Iceberg, 68 Kimberley Road

Tsim Sha Tsui, Hong Kong  |  2019


2021  |  Architecture MasterPrize Honorable Mention

2021  |  World Architecture Festival Finalist

2020  |  A&D Awards Silver Award

2019  |  Asia Pacific Property Award Five Stars Award

The design of the Iceberg seeks to create an iconic architectural design that provides a unique retail experience for customers while responding to the building code requirements and contributing to the enhancement of the site and urban surroundings. As a “Ginza” type retail development, it is important that the architectural design is unique and iconic to attract people to the development. 

Sitting on an infill site, the building is set back at the side to create a pedestrian link to several adjacent buildings and thus improve the existing pedestrian network. The setback creates a third façade to enhance natural lighting and the three dimensionality of the form.

Concept Diagram

Concept Diagram

Without any doors at the entrance, the escalator from G/F encourages the visitors to travel freely to the main lift lobby. Responding to the overall design theme of the iceberg, the column near the building entrance is wrapped by glass feature made of triangular glass coated with white ceramic ink.  At the top of the column, the glass feature continues to the ceiling. LED linear lights with diffuser are embedded in the gap of the glass panels. The entrance is, therefore, perceived as a glacier cave. At night, the lights wash the feature and define the three dimensionality of the entrance space.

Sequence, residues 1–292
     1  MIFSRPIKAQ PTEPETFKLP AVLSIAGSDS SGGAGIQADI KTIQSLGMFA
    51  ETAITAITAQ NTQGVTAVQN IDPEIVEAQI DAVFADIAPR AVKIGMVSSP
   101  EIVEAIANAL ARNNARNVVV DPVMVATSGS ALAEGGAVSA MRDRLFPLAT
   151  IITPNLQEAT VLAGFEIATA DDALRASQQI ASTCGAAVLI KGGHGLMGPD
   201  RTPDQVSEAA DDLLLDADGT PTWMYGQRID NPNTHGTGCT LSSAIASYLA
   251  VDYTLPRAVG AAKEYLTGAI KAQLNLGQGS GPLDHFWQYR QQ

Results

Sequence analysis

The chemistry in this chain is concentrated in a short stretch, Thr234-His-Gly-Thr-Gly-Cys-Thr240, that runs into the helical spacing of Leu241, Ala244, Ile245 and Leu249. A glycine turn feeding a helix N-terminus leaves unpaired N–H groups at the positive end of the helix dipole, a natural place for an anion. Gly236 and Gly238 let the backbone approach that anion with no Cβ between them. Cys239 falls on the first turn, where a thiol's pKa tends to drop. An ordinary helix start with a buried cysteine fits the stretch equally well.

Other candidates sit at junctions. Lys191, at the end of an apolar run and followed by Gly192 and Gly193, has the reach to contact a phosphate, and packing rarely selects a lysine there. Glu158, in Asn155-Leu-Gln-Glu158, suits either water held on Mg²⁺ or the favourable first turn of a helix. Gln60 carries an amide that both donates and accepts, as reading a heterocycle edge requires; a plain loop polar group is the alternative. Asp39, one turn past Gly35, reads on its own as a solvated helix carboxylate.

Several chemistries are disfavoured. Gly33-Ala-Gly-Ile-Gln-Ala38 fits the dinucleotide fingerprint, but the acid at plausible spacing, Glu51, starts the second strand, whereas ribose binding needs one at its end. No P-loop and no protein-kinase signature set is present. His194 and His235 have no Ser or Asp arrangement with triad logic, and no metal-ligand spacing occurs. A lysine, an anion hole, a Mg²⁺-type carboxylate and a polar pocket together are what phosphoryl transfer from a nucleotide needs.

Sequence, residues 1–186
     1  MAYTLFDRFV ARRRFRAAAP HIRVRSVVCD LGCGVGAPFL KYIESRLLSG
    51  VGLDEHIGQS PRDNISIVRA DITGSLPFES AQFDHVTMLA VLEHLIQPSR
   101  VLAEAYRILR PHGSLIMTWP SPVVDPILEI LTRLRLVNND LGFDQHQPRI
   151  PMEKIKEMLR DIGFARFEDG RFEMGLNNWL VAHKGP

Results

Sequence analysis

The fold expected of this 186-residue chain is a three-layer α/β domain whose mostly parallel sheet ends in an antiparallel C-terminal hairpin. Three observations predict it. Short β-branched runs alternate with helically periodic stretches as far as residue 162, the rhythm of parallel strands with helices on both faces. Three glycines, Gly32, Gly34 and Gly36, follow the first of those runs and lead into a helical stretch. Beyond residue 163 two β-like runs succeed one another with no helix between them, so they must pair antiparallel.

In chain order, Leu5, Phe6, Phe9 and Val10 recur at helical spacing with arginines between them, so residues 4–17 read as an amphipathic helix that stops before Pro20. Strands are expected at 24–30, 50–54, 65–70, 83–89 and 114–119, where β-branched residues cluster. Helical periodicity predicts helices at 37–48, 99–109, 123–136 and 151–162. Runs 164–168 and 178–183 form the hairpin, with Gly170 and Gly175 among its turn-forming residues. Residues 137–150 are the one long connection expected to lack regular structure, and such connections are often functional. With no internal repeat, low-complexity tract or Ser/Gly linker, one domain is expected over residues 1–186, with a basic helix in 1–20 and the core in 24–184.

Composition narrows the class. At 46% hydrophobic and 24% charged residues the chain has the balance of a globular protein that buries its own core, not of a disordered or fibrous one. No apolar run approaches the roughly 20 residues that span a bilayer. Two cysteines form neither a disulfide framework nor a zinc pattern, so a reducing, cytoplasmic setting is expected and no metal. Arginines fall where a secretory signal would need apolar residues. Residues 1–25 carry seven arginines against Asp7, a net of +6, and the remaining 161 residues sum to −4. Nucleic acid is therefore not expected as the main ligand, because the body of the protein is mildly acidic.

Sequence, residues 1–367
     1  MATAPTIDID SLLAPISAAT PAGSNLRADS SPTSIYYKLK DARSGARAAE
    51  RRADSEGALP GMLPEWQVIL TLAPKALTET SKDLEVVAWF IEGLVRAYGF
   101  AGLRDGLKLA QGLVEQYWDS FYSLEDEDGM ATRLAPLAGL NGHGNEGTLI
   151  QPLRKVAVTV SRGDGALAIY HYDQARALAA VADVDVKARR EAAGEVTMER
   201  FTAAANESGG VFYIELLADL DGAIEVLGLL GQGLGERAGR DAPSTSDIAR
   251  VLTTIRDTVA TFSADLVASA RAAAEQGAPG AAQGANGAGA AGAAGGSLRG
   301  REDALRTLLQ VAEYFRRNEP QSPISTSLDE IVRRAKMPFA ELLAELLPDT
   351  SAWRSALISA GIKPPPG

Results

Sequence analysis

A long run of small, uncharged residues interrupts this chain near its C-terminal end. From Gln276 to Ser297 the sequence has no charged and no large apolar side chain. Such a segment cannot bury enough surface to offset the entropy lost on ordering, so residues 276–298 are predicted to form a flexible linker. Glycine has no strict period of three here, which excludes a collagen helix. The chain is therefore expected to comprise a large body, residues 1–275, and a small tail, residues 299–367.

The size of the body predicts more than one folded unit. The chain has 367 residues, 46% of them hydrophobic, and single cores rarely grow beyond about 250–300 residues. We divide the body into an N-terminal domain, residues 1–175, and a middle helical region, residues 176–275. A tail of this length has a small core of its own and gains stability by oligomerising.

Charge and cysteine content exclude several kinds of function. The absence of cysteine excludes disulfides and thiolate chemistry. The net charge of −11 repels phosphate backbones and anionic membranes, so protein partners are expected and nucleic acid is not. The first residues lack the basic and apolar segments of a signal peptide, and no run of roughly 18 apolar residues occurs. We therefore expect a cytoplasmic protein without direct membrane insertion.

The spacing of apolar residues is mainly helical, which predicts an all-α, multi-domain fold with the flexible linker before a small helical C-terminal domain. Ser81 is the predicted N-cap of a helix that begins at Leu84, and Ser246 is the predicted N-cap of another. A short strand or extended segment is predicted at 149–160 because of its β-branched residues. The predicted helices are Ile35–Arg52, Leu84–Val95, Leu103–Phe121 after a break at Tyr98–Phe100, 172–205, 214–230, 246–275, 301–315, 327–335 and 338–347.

Night lighting is an important element to a Ginza Type mall because the type of retail, usually F&B, opens late into the night or 24 hours. Special façade lighting serves to create a unique iconic statement to attract shoppers and customers from far away. 

LED light strips were embedded in a custom-made light trough at the bottom of the spandrel. The LED lighting uses RGB colours to that any custom colour can be programmed for the façade. In the design of the “Iceberg”, the ceramic ink frit pattern on the glass panels is washed with bands of light when lit up.  This technology allows the light to be projected at any speed; in this case, the colour changes slowly with a similar fashion of the aurora light.

The setback creates a third façade to enhance natural lighting and the three dimensionality of the form.

Intended as an iconic architecture that stands out from the surrounding dated concrete buildings, the elevation is proposed as an all glass curtain wall that takes aesthetic inspiration from the forms of glaciers. To further enhance and accentuate the faceted façade and its sculptural quality, a graphic pattern in ceramic ink is applied to the glass to create the tilting horizontal bands. The tilting bands serves to enhance the three-dimensional quality of the form and façade. The combination of the ceramic ink patterns, the reflectivity of the glass and tilting curtain wall results in a façade with dynamic multidimensional effect that is ever changing through the day.